Well, blow me. I’ve just noticed I’ve been blogging for 10 years.
So, I’ve been looking back.
I started when social media in the public sector was new there was a group of us looking to try and get our heads around it. It was by Twitter, unconferences and blogs that we worked it out.
Then, I blogged weekly sitting at the dining table late at night at the end of the working day. I’d listen to a Canadian krautrock band called Holy Fuck. Now I write in my own office or on the move and it is the working day.
Each blog I write is a digital post-it note to store for future reference. Some have been read by tens of thousands and some less than a dozen. Both are fine.
As time has evolved, blogging has changed. In my first year, 1,801 people came to my blog and Twitter was the most significant referer. In my 10th year, 72,000 came and search engines were how people found me most. Everything I now do comes directly or indirectly from blogging.
It may be quite an old school thing to do, to write and then post but I find it hugely cathartic to work things out in writing instead of by talking about them. That’s not for everyone, I know.
10 blogs I wrote that I’m proud of
“And so it came to pass that Conservative MP Rory Stewart spent time in the Conservative leadership campaign doing a lot of walking and listening.
“For me, there are two purposes for the corporate and the devolved non-corporate. The corporate can put out the central messages. It should be a Match of the Day highlights show sharing the best of the rest. It should be human. The comms team can set the direction. It can deliver the training. But the non-corporate team, service area or individual accounts are where the real gold will be found. So have both.”
“What is human comms? You’ll recognise it if you see it. It’s engaging and it connects. Sometimes it delivers a message. Sometimes it just works to show that human beings also work in an organisation, too.”
“It’s astounding the number of people playing fast and loose with their organisation’s Facebook pages. How? By allowing or even encouraging staff create second profiles to be admin.”
“So, what is the difference was between journalism and PR? I’ve stopped and asked myself the question this week. I’ve been thinking of how to explain the difference.
“For 12-years I was a journalist and rose to become assistant chief reporter of a daily regional newspaper. Back then I would have told you that the difference was news was everything they don’t want you to know. The rest is PR, I’d have said.”
He buys me a pint and after we take a drink he tells me he’s doing to tell me something really important. He levels with me and I’m expecting some tips on how to chat up women. Or at the very least play cricket better. He leans across the table.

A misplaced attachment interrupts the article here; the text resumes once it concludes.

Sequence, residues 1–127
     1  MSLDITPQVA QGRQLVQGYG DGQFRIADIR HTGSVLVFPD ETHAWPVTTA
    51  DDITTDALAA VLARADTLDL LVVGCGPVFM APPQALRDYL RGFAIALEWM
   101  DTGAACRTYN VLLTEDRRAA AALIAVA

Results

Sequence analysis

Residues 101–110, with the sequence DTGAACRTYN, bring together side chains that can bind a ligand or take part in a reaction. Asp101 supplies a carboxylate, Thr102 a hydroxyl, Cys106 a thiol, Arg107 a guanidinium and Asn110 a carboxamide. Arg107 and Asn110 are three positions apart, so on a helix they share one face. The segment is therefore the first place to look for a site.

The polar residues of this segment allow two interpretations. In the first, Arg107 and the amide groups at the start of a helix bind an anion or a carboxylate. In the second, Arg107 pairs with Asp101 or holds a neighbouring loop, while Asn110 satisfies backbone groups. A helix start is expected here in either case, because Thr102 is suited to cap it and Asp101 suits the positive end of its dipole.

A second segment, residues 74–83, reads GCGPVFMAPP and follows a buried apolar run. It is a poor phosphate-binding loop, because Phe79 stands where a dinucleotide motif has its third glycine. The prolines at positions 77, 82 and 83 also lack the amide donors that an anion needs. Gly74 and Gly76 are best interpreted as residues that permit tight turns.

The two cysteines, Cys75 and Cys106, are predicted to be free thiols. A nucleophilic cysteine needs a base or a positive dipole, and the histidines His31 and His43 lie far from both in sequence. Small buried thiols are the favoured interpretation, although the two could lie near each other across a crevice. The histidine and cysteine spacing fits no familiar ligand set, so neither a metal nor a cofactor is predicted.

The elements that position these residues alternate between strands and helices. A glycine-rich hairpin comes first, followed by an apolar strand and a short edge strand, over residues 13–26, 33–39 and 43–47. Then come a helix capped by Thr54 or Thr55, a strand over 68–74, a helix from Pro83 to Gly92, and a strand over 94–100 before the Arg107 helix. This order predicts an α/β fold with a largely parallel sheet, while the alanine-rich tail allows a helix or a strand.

“Dan,” he says, “the best advice I can give you in life is never argue with an idiot. You end up on the same level and to a passer-by it’s just two idiots arguing.”
He said: “My generation of the Web 3.O PR will be a digitally native team with skills… yes there will be the specialists, but I’ll be the cost effective one, the one who will build your campaign, take the photos, make the videos, stick it on a web site, tweet about it and get your brand the press attention you want.
“The future is diverse, and the industry needs people who can adapt and change across all platforms, digital and otherwise.”
As never before local government needs to shout what it does from the roof tops. In a 24-hour experiment colleagues across Walsall Council on March 3 aim to do just that. This is the first time in UK local government – and possibly the world – someone has tried something on this scale.
As I watched a tear run down my grandpa’s face I realised the First World War hadn’t ended. This proud man with clipped military moustache and silver hair sat in a chair across from front of me.
This was 20 years ago. I was a teenager and had been ushered in slightly reluctantly to talk to him on one of his visits. We chatted awkwardly for a while. I’m not sure how it came up but he started to recall what happened in 1916 when his father died 70 years before.
Channel 4 news reader Jon Snow apparently once told a Local Government conference: ‘The trouble with you lot is this. You do wonderful things. You’re just a bit boring.’
As an ice breaker it’s bold. Trouble is, he’s right. Partly. Councils deal with people. They help them in all sorts of ways with 800 services – many of them amazing. But how do you give them a human face? That’s where Twitter can work brilliantly for councils.